Further tales from American horse culture by Maristed, whose last novel, Fall (1996), offered more than one ever wanted to know about show jumping. These nine stories, in her first collection, are broader in focus but still suffer from an excess of uniformity in theme. Horses, horses everywhere notwithstanding, one of these tales is an unqualified chiller, stark and brutal in its revelations: “Blue Horse” is told by a young woman, now a homeless prostitute, who was abducted as a girl by a bodybuilder, tied up and abused in every way possible, then dragged back and forth across the country in a nightmare that lasted for years. Only when she began to act more like a lover and less like a victim did her abuser shun her, eventually freeing her by shooting himself—but the damage to her is permanent, and she’s convinced she can never go home again. A more conventional, less unsettling image of a broken home appears in —Rain—: a workaholic whose daughter wants a pony for her birthday can—t bear to tell his wife he’s been booted from his Boston law firm, and so he trades one addiction for another until his family leaves him. Two other stories explore family matters, along with the pressures of breeding and showing horses: in —Barn Swallows,— a brother-sister team with a respectable name in the business are well on their way to triumph at a show, which would quash recent memories of family tragedy—when further tragedy strikes. And in —If Wishes Were Horses, My Love,— a trackside wheeler-dealer, having lost his family and the wealthy woman he took up with, invests all his hopes for a reversal of his fortunes in just a colt—only to have the horse come up lame at an unfortunate moment. Some pieces here are more successful than others, yet all show the coiled emotional power and the unexpected detail typical of Maristed’s particular but also considerable talent.

Pub Date: Aug. 1, 1998

ISBN: 0-679-44410-6

Page Count: 192

Publisher: Random House

Review Posted Online: May 20, 2010

Kirkus Reviews Issue: July 1, 1998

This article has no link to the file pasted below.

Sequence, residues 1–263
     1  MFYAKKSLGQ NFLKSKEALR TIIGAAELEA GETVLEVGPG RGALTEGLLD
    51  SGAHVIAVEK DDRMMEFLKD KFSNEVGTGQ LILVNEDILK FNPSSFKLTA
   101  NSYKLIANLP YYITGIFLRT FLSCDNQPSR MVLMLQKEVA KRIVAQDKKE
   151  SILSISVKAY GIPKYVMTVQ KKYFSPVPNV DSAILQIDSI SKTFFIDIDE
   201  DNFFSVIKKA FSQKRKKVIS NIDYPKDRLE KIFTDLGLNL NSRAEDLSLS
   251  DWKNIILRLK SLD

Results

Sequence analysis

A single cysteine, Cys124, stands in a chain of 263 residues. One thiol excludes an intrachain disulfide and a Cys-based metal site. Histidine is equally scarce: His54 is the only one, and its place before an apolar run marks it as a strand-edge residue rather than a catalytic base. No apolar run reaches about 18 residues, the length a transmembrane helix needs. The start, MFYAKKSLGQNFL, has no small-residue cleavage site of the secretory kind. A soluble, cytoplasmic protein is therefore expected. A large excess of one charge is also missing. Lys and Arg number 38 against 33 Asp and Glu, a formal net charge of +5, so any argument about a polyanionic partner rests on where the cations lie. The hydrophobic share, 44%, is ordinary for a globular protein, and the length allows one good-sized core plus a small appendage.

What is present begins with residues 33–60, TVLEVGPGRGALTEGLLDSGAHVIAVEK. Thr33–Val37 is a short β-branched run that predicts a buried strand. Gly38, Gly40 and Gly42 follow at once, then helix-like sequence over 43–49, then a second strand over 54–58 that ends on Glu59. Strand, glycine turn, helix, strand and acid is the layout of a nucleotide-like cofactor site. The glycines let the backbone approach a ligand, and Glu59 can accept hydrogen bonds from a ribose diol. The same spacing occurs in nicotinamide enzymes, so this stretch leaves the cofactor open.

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It's being called a novel, but it is more a hybrid: short-stories/essays/confessions about the Vietnam War—the subject that O'Brien reasonably comes back to with every book. Some of these stories/memoirs are very good in their starkness and factualness: the title piece, about what a foot soldier actually has on him (weights included) at any given time, lends a palpability that makes the emotional freight (fear, horror, guilt) correspond superbly. Maybe the most moving piece here is "On The Rainy River," about a draftee's ambivalence about going, and how he decided to go: "I would go to war—I would kill and maybe die—because I was embarrassed not to." But so much else is so structurally coy that real effects are muted and disadvantaged: O'Brien is writing a book more about earnestness than about war, and the peekaboos of this isn't really me but of course it truly is serve no true purpose. They make this an annoyingly arty book, hiding more than not behind Hemingwayesque time-signatures and puerile repetitions about war (and memory and everything else, for that matter) being hell and heaven both. A disappointment.

Pub Date: March 28, 1990

ISBN: 0618706410

Page Count: 256

Publisher: Houghton Mifflin

Review Posted Online: Oct. 2, 2011

Kirkus Reviews Issue: Feb. 15, 1990

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Visionary speculative stories that will change the way readers see themselves and the world around them: This book delivers...

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Exploring humankind's place in the universe and the nature of humanity, many of the stories in this stellar collection focus on how technological advances can impact humanity’s evolutionary journey.

Chiang's (Stories of Your Life and Others, 2002) second collection begins with an instant classic, “The Merchant and the Alchemist’s Gate,” which won Hugo and Nebula awards for Best Novelette in 2008. A time-travel fantasy set largely in ancient Baghdad, the story follows fabric merchant Fuwaad ibn Abbas after he meets an alchemist who has crafted what is essentially a time portal. After hearing life-changing stories about others who have used the portal, he decides to go back in time to try to right a terrible wrong—and realizes, too late, that nothing can erase the past. Other standout selections include “The Lifecycle of Software Objects,” a story about a software tester who, over the course of a decade, struggles to keep a sentient digital entity alive; “The Great Silence,” which brilliantly questions the theory that humankind is the only intelligent race in the universe; and “Dacey’s Patent Automatic Nanny,” which chronicles the consequences of machines raising human children. But arguably the most profound story is "Exhalation" (which won the 2009 Hugo Award for Best Short Story), a heart-rending message and warning from a scientist of a highly advanced, but now extinct, race of mechanical beings from another universe. Although the being theorizes that all life will die when the universes reach “equilibrium,” its parting advice will resonate with everyone: “Contemplate the marvel that is existence, and rejoice that you are able to do so.”

Visionary speculative stories that will change the way readers see themselves and the world around them: This book delivers in a big way.

Pub Date: May 8, 2019

ISBN: 978-1-101-94788-3

Page Count: 368

Publisher: Knopf

Review Posted Online: Feb. 17, 2019

Kirkus Reviews Issue: March 1, 2019

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